- A simple, reagent-free, non-colourimetric method for detection of fluoride in water at drinking-water-relevant 0–5?mg?L?1 concentration range.
- Optical fibre tip coated with aluminum by sputter deposition is degraded in the presence of fluoride, decreasing internal reflection of infrared light.
- Kinetics of coating degradation are correlated to fluoride concentration.
Naturally occurring elevated levels of fluoride in drinking water pose a health hazard throughout the developing world, with over 200 million people potentially impacted. In some cases, treatment methods or safer alternative sources are available, but robust, simple, affordable technologies for measuring fluoride in drinking water are absent. In this work, a simple method for fluoride detection is presented comprising a 35?nm aluminum coating on the distal tip of a length of single mode optical fiber. Broadband light is launched into the proximal end of the optical fiber and a portion of this light is reflected by the distal tip of the fiber, which is immersed in water containing an unknown concentration of dissolved fluoride. The intensity of the reflected light is detected by a photodiode connected to the proximal end of the fiber. The aluminum coating is removed from the distal tip by reaction with the dissolved fluoride at a rate that depends on the fluoride concentration and the intensity of the light reflected from the distal tip depends upon the thickness of this coating. Therefore, the rate at which the intensity of light detected by the photodiode decreases is correlated with the concentration of fluoride. The fabricated sensor measures fluoride concentration within the range of 0–5?mg?L?1.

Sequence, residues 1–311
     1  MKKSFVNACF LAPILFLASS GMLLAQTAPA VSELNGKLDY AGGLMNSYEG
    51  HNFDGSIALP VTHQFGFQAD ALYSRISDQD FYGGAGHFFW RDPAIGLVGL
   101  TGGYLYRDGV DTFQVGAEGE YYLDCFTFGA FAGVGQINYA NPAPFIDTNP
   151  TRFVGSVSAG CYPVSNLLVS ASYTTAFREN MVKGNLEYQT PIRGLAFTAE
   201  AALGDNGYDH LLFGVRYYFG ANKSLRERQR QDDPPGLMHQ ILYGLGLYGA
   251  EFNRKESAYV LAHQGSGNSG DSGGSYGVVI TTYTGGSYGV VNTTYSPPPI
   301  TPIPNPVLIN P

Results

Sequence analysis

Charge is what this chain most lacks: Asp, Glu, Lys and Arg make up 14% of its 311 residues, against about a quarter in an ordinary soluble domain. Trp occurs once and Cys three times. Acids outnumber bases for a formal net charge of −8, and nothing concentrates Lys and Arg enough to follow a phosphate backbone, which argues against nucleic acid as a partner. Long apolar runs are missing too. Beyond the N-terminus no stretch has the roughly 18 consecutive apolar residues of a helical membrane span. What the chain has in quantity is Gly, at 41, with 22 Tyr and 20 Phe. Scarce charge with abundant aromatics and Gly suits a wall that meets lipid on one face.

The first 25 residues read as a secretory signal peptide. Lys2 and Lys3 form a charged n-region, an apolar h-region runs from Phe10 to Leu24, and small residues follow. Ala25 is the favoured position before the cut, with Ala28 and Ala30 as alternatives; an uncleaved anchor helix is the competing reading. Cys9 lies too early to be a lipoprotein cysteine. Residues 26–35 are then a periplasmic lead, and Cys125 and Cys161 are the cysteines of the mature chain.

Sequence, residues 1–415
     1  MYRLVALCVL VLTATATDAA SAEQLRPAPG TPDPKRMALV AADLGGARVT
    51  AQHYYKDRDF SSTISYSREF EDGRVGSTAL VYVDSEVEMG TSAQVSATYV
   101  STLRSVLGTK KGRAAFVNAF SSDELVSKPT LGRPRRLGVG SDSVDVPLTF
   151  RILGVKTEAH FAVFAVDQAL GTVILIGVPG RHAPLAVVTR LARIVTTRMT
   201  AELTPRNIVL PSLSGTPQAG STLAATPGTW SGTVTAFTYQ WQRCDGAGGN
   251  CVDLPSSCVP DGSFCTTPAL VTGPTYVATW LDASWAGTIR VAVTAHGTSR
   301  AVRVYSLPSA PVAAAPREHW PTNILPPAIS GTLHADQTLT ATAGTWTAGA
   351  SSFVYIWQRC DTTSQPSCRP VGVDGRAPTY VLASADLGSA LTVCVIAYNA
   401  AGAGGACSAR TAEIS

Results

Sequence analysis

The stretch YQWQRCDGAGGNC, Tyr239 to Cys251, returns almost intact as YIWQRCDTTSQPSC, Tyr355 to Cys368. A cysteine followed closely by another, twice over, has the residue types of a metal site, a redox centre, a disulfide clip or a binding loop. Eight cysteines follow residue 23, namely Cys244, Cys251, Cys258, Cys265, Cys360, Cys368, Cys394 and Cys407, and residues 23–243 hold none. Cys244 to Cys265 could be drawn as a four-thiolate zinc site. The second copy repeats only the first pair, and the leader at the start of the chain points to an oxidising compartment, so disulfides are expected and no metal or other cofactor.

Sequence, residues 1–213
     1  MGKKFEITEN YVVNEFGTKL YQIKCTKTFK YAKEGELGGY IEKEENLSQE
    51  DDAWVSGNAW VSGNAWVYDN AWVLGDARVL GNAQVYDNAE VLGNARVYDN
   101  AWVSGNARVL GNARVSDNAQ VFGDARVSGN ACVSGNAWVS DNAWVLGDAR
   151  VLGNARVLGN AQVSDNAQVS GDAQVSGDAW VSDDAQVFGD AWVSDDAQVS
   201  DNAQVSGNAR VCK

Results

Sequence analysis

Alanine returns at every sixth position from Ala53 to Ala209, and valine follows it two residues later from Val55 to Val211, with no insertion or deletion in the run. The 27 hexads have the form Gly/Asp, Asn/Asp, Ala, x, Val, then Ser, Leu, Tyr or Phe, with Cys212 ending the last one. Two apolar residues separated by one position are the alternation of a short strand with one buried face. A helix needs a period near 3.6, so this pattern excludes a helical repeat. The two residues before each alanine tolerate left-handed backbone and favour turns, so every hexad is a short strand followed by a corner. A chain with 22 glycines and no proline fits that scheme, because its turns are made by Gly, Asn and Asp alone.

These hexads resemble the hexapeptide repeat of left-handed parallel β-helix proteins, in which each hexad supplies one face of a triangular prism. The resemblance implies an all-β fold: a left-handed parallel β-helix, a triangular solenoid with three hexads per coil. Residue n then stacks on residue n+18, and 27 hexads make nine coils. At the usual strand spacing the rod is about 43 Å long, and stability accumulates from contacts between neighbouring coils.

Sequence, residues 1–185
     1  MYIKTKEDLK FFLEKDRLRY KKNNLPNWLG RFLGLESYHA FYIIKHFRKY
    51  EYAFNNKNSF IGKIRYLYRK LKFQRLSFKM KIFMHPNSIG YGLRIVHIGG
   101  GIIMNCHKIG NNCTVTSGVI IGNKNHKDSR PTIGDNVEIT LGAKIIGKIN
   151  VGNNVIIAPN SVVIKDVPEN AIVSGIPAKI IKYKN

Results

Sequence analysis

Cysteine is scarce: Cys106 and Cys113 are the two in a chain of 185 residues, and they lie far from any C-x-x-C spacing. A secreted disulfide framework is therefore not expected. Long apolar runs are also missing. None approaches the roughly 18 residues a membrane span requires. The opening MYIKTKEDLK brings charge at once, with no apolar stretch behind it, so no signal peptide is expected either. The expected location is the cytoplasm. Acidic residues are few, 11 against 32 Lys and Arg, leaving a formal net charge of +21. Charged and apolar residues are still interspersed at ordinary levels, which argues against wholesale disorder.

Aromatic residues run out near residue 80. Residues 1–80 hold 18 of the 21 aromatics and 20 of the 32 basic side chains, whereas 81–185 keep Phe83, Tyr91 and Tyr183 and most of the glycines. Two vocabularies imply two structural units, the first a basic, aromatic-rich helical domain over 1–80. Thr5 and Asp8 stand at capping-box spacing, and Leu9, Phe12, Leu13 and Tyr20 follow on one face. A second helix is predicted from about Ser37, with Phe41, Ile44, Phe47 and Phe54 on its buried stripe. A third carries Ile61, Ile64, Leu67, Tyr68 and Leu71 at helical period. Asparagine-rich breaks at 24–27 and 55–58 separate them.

*Original abstract online at https://www.sciencedirect.com/science/article/abs/pii/S0924424719311094